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What Kinds Of Patients Do Mental Health Facilities Treat?

Mental health facilities treat patients from all walks of life living with behavioral and mental health issues.

Patients with mental health issues can vary in the severity of symptoms. Some might have chronic mental illnesses. Other patients in mental health treatment have a crisis triggering an episode of mental illness.

According to the Centers for Disease Control and Prevention (CDC), “Mental illnesses are among the most common health conditions in the United States.”

  • Over 50% of people in the US will have a mental health disorder in their lifetime
  • 20% of people in the US will have a mental health issue each year
  • 20% of US children currently or at some point have had a serious mental illness
  • 4% of people in the US currently live with a severe mental illness (bipolar disorder, schizophrenia, major depressive disorder, or personality disorders)

Mental health issues in the US are also a serious concern for teens and young adults. Mental health treatment programs can help young people overcome mental and behavioral health concerns.

According to, “one in every four to five youth in the general population meet criteria for a lifetime mental disorder that is associated with severe role impairment and/or distress.” 

  • 11.2% with a mood disorder, such as depression and bipolar disorder
  • 8.3% of youth have an anxiety disorder, like obsessive-compulsive disorder (OCD), social anxiety, phobias, and generalized anxiety disorder (GAD)
  • 9.6% have behavioral health disorders, like substance use disorder, attention-deficit/hyperactivity disorder (ADHD), oppositional defiant disorder (ODD), and conduct disorder

Patients getting inpatient services at a psychiatric hospital might be dealing with a crisis, such as a suicide attempt or drug overdose. At other mental health facilities, like residential treatment programs, patients might be more stable and seek long-term care.

If you or your loved one have concerns over your mental health, many treatment options can help you. Mental health concerns might be more common than you believe. You can find a treatment program to help you cope and get a handle on your mental health issues.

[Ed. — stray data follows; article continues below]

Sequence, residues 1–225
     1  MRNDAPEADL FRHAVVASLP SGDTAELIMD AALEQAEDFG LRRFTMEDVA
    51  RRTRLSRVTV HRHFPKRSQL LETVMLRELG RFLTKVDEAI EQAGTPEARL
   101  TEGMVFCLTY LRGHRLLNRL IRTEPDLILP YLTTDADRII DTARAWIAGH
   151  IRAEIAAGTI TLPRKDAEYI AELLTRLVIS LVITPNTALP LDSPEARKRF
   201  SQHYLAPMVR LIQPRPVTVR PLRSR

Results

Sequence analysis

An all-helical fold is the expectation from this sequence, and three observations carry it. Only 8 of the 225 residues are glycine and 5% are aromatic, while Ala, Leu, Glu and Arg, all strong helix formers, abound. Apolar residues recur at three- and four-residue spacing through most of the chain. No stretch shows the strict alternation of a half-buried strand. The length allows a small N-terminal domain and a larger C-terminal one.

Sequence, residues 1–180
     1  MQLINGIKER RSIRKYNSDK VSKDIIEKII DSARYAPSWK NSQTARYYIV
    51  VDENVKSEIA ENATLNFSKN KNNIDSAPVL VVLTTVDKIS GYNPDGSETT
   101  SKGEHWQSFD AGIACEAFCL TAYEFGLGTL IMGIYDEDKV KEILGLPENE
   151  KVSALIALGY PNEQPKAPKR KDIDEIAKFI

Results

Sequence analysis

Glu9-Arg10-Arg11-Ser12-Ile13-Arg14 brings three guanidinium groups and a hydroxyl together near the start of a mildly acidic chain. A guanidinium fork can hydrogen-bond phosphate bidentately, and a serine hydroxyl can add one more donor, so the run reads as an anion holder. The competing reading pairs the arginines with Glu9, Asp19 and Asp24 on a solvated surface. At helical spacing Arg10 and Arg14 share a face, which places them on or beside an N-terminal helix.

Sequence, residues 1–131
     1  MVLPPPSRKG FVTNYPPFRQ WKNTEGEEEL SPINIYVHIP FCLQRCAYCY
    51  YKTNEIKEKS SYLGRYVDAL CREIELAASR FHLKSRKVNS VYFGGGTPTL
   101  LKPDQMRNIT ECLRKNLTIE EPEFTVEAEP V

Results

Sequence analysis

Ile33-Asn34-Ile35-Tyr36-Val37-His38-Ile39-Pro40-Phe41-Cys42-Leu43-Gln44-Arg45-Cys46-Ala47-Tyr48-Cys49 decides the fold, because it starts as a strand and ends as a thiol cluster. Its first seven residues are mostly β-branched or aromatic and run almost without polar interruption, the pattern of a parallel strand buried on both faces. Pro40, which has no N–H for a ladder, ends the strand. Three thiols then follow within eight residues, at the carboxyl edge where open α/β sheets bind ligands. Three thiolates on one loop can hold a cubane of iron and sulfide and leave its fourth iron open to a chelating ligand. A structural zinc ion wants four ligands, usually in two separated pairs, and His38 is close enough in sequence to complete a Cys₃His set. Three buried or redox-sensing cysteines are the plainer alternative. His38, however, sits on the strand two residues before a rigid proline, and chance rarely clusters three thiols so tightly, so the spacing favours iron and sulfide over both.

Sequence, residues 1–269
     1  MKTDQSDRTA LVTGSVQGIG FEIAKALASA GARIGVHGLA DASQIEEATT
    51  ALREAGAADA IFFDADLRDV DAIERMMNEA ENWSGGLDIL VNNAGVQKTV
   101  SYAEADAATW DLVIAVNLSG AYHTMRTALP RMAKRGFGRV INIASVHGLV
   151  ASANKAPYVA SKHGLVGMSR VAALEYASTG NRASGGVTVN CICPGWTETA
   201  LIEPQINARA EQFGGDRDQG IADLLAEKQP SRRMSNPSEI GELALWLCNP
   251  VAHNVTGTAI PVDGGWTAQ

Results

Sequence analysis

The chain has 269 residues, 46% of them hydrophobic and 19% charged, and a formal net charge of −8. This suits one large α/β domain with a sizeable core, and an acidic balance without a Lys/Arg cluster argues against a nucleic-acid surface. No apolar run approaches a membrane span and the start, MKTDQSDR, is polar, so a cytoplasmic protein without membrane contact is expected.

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Has The Coronavirus Had An Impact On Mental Health?

Due to the impact of the coronavirus on everyday life, mental health issues might have increased recently.

Natural disasters, such as hurricanes, earthquakes, and epidemics can increase trauma and mental health issues among the general population. For those with pre-existing mental health conditions, natural disasters can increase negative symptoms.

Joshua A. Gorden, Director of the National Institute of Mental Health (NIMH), states that “much of what we have learned from past disasters and epidemics [regarding mental health] is holding true in the context of the COVID-19 pandemic.”

During the coronavirus pandemic, mental health became a topic of concern among many Americans. 

While the pandemic did not impact everyone the same way, nearly everyone felt some change to normal life. You and your loved ones may have struggled due to changes or coping with loss.

Many facilities took safety measures to continue providing substance abuse and mental health treatment during the COVID-19 pandemic. If you or a loved one struggles with stress related to the pandemic, you can find the help you need to get back on track.

In addition, many programs have adopted telehealth or remote services to help people as the pandemic limits face-to-face contact with mental health professionals.

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What Services Do Mental Health Facilities Provide?

Mental health facilities provide services to treat a range of mental and behavioral health issues.

Since people of all walks of life experience a variety of disorders, treatment facilities offer many types of services. You might respond to a kind of treatment more than others or have co-occurring issues that need specialized care.

For example, you might need dual diagnosis treatment for mental health and substance use disorder. Substance abuse and mental health often occur together. Many facilities provide substance abuse treatment and detox for dual diagnosis.

You might have other issues related to your mental health conditions. For those with eating disorders, mental health facilities can help you with nutritional counseling to address physical health issues related to your disorder.

Some of the most common services provided at mental health facilities include:

  • Psychotherapy
    • Also known as “talk therapy,” “one on one counseling,” or “individual therapy”
    • Therapy to help you learn healthy ways of thinking and coping with stress
  • Group therapy
    • Similar to psychotherapy, but with a group of peers
    • A mental health professional leads each session of group therapy
    • You might role-play to practice social skills, share with one another, and find peer support during group therapy
  • Psychiatric care
    • Psychiatry is the practice of using medicine to treat mental health conditions
    • Medications are beneficial for severe disorders, like schizophrenia and bipolar disorder
    • Medications are not a “magic cure;” they help you get to a stable place to learn coping skills during individual or group therapy
  • Family therapy
    • Many facilities support family members with therapy and support groups
    • When you have a loved one with a mental illness, you might become stressed from worry or taking care of them